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Management In the modern era, management of IE typically requires a multidisciplinary team including, at a minimum, an infectious disease specialist, a cardiologist and a cardiac surgeon133. All patients should receive antimicrobial therapy and a subset may benefit from cardiovascular surgical intervention. General principles of antimicrobial therapy The primary purpose of antimicrobial therapy is to eradicate infection. Several characteristics of infected vegetations pose particular challenges in this regard55, including high bacterial density (also called the ‘inoculum effect’)134, slow rates of bacterial growth in biofilms and low microorganism metabolic activity135. As a result, extended courses of parenteral therapy with bactericidal (or fungicidal) agents are typically required.

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Duration of therapy—The duration of therapy must be sufficient to completely eradicate microorganisms within cardiac vegetations. Due to poor penetration of antibiotics into these vegetations and the slowly bactericidal properties of some of the commonly used drugs (such as vancomycin), extended courses of antibiotics are usually required. When bactericidal activity is rapid, shorter courses may be feasible. For example, combination therapy with penicillin or ceftriaxone and an aminoglycoside is synergistic for VGSassociated IE, enabling effective courses as short as two weeks for susceptible strains101. Right-sided vegetations tend to have lower bacterial densities and may also be amenable to shorter course therapy.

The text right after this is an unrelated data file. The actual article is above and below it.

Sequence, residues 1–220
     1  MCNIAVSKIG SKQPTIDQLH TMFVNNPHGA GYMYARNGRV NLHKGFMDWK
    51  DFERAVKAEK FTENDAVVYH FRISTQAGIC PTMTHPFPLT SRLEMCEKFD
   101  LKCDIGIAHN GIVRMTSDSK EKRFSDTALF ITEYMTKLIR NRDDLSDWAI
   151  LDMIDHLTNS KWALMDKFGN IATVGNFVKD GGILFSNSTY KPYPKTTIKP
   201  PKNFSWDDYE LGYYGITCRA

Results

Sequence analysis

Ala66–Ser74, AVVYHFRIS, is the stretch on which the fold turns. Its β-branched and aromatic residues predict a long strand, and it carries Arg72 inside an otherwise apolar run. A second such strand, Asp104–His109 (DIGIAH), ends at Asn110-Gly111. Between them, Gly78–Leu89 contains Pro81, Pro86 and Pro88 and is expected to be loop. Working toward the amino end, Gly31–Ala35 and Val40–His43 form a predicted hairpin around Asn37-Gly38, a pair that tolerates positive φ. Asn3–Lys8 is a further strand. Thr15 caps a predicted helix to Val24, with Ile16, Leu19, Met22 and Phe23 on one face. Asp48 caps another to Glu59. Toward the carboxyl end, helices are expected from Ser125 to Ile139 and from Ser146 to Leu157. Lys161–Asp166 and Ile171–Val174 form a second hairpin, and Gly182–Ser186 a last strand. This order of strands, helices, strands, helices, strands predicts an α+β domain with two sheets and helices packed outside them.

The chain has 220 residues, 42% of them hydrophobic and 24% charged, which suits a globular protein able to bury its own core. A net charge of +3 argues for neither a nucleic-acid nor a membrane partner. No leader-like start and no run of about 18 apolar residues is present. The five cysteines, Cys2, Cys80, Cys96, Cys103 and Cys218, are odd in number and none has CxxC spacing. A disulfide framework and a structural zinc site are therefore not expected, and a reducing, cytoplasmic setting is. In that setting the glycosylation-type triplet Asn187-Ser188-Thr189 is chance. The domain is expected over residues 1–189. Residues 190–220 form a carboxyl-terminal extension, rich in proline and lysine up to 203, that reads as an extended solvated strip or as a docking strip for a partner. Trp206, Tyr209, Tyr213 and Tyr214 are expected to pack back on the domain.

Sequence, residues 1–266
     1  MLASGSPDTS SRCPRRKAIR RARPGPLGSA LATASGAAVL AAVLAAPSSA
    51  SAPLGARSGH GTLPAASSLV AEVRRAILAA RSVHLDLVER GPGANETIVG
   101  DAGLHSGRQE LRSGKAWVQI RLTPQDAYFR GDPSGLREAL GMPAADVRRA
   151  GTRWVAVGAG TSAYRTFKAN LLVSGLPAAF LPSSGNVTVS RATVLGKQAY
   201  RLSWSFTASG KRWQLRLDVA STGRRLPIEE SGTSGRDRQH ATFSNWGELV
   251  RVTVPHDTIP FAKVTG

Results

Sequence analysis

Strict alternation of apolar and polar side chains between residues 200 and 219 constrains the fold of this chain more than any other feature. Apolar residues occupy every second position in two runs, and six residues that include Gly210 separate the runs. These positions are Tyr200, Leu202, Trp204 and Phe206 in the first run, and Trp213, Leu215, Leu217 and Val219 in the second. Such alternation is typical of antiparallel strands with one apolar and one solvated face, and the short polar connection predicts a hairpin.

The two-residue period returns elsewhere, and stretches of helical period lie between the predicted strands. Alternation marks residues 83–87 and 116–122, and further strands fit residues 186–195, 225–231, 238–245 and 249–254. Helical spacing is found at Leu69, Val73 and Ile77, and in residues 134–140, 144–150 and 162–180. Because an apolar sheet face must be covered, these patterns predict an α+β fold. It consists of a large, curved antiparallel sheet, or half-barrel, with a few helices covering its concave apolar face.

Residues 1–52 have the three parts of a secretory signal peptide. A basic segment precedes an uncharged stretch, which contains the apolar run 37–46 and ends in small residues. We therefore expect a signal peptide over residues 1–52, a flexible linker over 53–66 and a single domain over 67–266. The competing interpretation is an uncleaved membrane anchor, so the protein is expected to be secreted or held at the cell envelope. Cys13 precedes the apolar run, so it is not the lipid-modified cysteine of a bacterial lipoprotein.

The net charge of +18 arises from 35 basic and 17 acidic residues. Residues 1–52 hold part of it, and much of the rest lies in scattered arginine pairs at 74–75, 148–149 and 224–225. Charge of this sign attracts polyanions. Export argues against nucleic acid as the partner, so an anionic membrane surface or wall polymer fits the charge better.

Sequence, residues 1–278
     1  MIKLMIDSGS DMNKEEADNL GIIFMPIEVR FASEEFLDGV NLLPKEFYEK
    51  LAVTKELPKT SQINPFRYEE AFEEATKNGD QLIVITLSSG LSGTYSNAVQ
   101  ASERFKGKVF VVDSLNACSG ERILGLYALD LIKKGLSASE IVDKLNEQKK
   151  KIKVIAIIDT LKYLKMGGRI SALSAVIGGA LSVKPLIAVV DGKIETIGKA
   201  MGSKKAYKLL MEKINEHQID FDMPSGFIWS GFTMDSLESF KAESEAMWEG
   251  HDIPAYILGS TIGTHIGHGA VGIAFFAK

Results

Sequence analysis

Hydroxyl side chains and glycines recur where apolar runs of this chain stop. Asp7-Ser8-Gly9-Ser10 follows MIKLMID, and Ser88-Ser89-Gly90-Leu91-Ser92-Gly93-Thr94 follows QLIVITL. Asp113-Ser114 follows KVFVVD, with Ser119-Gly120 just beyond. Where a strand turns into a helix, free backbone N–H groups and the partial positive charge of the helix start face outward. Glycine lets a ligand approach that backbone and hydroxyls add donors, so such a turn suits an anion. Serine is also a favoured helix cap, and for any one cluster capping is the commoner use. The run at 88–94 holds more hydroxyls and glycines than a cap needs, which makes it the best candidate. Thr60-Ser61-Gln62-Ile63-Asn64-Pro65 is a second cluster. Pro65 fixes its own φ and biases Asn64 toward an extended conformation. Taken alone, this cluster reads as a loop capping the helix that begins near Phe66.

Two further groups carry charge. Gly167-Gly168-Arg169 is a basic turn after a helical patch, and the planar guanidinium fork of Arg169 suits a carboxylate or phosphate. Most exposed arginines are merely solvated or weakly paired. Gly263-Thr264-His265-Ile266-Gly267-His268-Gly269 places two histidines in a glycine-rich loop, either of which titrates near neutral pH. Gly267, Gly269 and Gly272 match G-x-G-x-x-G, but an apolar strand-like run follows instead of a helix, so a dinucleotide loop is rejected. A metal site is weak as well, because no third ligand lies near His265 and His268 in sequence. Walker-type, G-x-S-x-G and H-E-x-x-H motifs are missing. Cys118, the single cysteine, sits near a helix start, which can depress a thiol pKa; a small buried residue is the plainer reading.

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Duration of antimicrobial therapy is generally calculated from the first day on which blood cultures are negative. Blood cultures should be obtained every 24–72 hours until it is demonstrated that the bloodstream infection has cleared101,102. If operative valve tissue cultures are positive, an entire antimicrobial course should be considered following cardiovascular surgery. Selection of the appropriate antimicrobial agent—Therapy should be targeted to the organism identified in blood cultures or serological studies. While awaiting microbiological results, an empiric regimen may be selected based upon epidemiologic and patient demographic features. Because most IE cases are caused by Gram-positive bacteria, vancomycin is often an appropriate empiric choice. However, other empiric agents may also be appropriate based on local microbiology and susceptibility patterns. Detailed recommendations for antimicrobial treatment of specific pathogens are comprehensively addressed in recent treatment guidelines101,102,136. Key points are summarized in Table 3.